I am bummed that Hilary seems them often and people know about them where you live, Abby. My pair are western hognoses but eastern hognoses are native to this side of the states and practically no one has heard of them let alone seen one. I sometimes catch the sight of a garter or redbelly or black rat darting away but that's really it. Out in the more country part of PA you'll see the rattlers and copperheads but the cities are very sparse when it comes to herps. Not sure why you can only see the first picture but there will be plenty more when they arrive
I've gotten a couple requests to record their unboxing so you will see me completely giddy when they arrive as well.
Okay, so, off topic to your new slithery bundles o' joy, but since it was brought up--I'm wondering if you would know if what I *think* I've seen on my hikes and around the barns seems accurate or not.
(Do snake folks have a "life list" like birdwatcher people do?)
Anywhoo, I know I've seen a ton o' Copperheads (and yes that is what bit Ez, and he was treated with steroids and abs and fluids, not anti-venin), both adults and babies.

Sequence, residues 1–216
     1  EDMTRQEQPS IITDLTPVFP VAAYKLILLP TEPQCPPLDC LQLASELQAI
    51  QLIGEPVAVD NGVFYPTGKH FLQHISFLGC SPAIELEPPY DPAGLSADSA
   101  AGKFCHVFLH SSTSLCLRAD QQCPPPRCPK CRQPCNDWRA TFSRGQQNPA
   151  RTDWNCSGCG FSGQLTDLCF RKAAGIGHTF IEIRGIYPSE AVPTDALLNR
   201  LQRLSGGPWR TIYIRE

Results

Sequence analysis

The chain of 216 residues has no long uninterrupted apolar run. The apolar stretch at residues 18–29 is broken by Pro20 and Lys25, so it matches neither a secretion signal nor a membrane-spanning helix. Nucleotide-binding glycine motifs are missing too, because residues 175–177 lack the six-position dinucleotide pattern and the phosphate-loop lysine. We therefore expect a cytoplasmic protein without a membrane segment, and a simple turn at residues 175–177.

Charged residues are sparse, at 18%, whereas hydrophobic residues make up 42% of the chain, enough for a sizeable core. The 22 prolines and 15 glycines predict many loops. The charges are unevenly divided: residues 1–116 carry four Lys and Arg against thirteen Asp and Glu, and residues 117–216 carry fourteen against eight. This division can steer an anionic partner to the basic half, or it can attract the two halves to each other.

They are sooo muscular! Hard to mistake, once you've seen *and smelled* one. Cucumbers, anyone?
No idea if these terms are accurate or not, but Black King Snake. Rat Snake.
Garter Snakes, of course. Ringneck Snake (was bitten by that lil guy, but called a herp dude who I used to work with and he assured me snakeypoo was more hurt than my toes, and so I let the confused critter go again.) He was pretty, bright colors, which is what worried me a bit, at first, 'til I found out he was packin' no poison.
Water Moccasin. I know that one for (pretty) sure--he was swimmin' in the same water hole as some of us, at the time.
What was either a very well-fed and atypical-looking Copperhead, or maybe a Hognose, once, he/she was very dusty/dirty, probably getting ready for new duds even, and his head was sort of buried in the grass (I was mowing), so I couldn't check his eyes, but his head was definitely different than your run-of-the-mill snake.
I think that's about it, and considering how outdoorsy I live, I'm assuming many snakes are just very good at hiding/getting away, or I'd have seen more.
Does that sound like good guesses on what we have around here? I'm one state over from you, in WV.